27. Correll Buckhalter, Broncos (has Westbrook-like potential ... now that he's no longer behind him)
28. Jonathan Stewart, Panthers
29. Willis McGahee, Ravens
30. Jamal Lewis, Browns
31. Felix Jones, Cowboys
32. Michael Bush, Raiders

This Gravy Train's Last Stop
Torry Holt: AP

At first blush, the Torry Holt-Jaguars union looks like a match made in heaven. Holt needed to land one last big contract (three years, $20 million), while maintaining his standing as a No. 1 receiving option. For Jacksonville, it's a chance to seriously upgrade a deficient WR corps and to realistically make the playoffs again behind an accomplished pass-catcher who's also a borderline Hall of Famer (although with Cris Carter still waiting for his Canton invite, what chance does T-Holt have?).

But a closer look reveals this relationship will likely be a case of too little, too late for both parties.

Think about it: From 2000-07, Holt averaged 94 catches, 1,385 receiving yards and eight TDs a season for the high-flying Rams. But last year, while trying to overcome the normal wear-and-tear of age and a balky knee, Holt finished with only 64 catches, 796 yards and three touchdowns. To be fair, Holt (now 33) could be 100 percent this summer and, given his track record of success, has earned the proverbial "free pass" to bounce back from one bad year. But he doesn't have a supporting cast at wide receiver -- unless you count RB Maurice Jones-Drew (62 catches in '08), the forgettable Dennis Northcutt and maybe, just maybe Marcedes Lewis (41 catches, 489 yards last season) at tight end -- and he no longer possesses the explosion to beat unbalanced coverages on every possession. And if the Jaguars had kept Reggie Williams and Matt Jones around, from a football perspective only (Jones' personal problems are well-documented, so commend Jacksonville for taking a stand and dumping him) ... Holt would have made better sense as a No. 2 or 3 wide receiver.

One last thing: Holt rose to bankable prominence while playing on Flubber-like turf (like the Edward Jones Dome in St. Louis or Qwest Field in Seattle). On the flip side, he hasn't posted 100-plus receiving yards on natural grass since Nov. 17, 2005 (10 catches, 130 yards, 1 TD at Houston); and Jacksonville just happens to play on lush green grass at its home stadium.

There's no doubt Holt will benefit from the presence of MJD at running back (the reverse is true, as well). But he's already used to playing with a top-flight running back (Marshall Faulk, Steven Jackson) and knows how to execute hundreds of "decoy" pass routes -- all in the name of creating wider rushing lanes for the backfield stud. But factoring in his underwhelming performance from last season, his weary legs and the unwanted pressure of carrying an entire passing attack, I cannot envision Holt being a comfortable lock for anything more than 62 catches, 770 receiving yards and four touchdowns. And that kind of pie-in-the-sky production barely warrants a mid-round pick in fantasyland drafts.

Mock Draft Madness

I may still be riding high as a fantasy football writer, but I'm hardly an expert at forecasting the NFL Draft. Luckily, these Web sites have been busy reading the draft-day leaves for us:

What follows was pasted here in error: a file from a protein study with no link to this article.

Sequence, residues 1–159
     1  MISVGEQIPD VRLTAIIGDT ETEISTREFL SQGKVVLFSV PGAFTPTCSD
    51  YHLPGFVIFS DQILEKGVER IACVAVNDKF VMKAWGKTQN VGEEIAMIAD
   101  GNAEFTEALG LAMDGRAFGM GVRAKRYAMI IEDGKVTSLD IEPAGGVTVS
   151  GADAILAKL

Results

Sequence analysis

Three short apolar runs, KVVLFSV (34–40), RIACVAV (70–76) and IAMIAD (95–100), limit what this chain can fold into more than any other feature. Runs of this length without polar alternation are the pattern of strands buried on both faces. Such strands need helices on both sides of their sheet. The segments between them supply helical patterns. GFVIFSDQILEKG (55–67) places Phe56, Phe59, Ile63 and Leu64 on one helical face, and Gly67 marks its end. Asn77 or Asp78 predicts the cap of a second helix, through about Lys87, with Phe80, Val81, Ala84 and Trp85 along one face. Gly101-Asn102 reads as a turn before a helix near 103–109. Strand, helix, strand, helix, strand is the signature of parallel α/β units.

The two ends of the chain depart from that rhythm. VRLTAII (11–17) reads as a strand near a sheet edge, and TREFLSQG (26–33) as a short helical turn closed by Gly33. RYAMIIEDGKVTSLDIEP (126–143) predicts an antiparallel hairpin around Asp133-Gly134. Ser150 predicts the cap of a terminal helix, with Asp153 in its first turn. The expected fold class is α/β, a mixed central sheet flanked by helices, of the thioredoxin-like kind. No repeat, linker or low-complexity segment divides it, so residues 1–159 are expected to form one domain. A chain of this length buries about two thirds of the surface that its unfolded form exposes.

**'s Don Banks
**Great Blue North Draft Report
**CBS Sports
**AOL Fanhouse
**Yahoo! Sports
**NFL Draft Site
**The New NFL Draft Report
**NFL Draft Blitz
**The Football Expert
NFL Draft King

At Last ... Predictions!

Using the time-tested (and old-fogey-NFL-scout-approved) Eye Test, these are my fantasyland creme-de-la-creme picks for the Class of 2009 ... while looking four years into the future:

Come 2013, the top five fantasyland quarterbacks will be ... (in order of greatness)
1. Matthew Stafford, Georgia
2. Mark Sanchez, USC
3. Josh Freeman, Kansas State
4. Rhett Bomar, Sam Houston State
5. Pat White, West Virginia

Come 2013, the top five fantasyland running backs will be ...
1. Shonn Greene, Iowa
2. Knowshon Moreno, Georgia
3. LeSean McCoy, Pittsburgh
4. Jeremiah Johnson, Oregon
5. Chris "Beanie" Wells, Ohio State

Come 2013, the top five fantasyland wide receivers will be ...
1. Michael Crabtree, Texas Tech
2. Jeremy Maclin, Missouri
3. Percy Harvin, Florida
4. Kenny Britt, Rutgers
5. Austin Collie, BYU

Come 2013, the top five fantasyland tight ends will be ...
1. Brandon Pettigrew, Oklahoma State
2. Chase Coffman, Missouri
3. Cornelius Ingram, Florida
4. Connor Barwin, Cincinnati
5. Travis Beckum, Wisconsin

Let History Be Our Guide

Since this is Draft Week ... here's a list of the top-7 draft classes since 1977 (one per franchise -- which explains why the 49ers' 1981 rookie ensemble, starring Ronnie Lott, regrettably isn't featured in the countdown):

#1 -- 1986 San Francisco 49ers (numbers below represent order taken by team)
1 Larry Roberts, DE Alabama
2 Tom Rathman, RB Nebraska
3 Tim McKyer, DB Texas-Arlington
4 John Taylor, WR Delaware State
5 Charles Haley DE James Madison
6 Steve Wallace, OT Auburn
7 Kevin Fagan, DT Miami (FL)
9 Don Griffin, DB Middle Tennessee State

Summary: Niners mastermind Bill Walsh continually traded down with teams and acquired more picks. (He didn't make his first choice, Larry Roberts, until the 39th slot.) With value picks, he landed two future O-line starters (Steve Wallace/Kevin Fagan), two playmaking defensive backs (Tim McKyer, Don Griffin), the only receiver in NFL history to register two 90-yard-plus TD catches in the same game (John Taylor), the only five-time Super Bowl champion in NFL history (Charles Haley) and the archetypal fullback for the West Coast offense (Tom Rathman). Well played!

#2 -- 1991 Dallas Cowboys
1 Russell Maryland, DT Miami (FL)
2 Alvin Harper, WR Tennessee
3 Kelvin Pritchett, DT Mississippi (traded to Detroit)
4 Dixon Edwards, LB Michigan State
5 Godfrey Miles, LB Florida
7 Erik Williams, OT Central State (OH)
8 Curvin Richards, RB Pittsburgh
9 Bill Musgrave, QB Oregon
12 Darrick Brownlow, LB Illinois
14 Leon Lett, DT Emporia State
18 Larry Brown, DB Texas Christian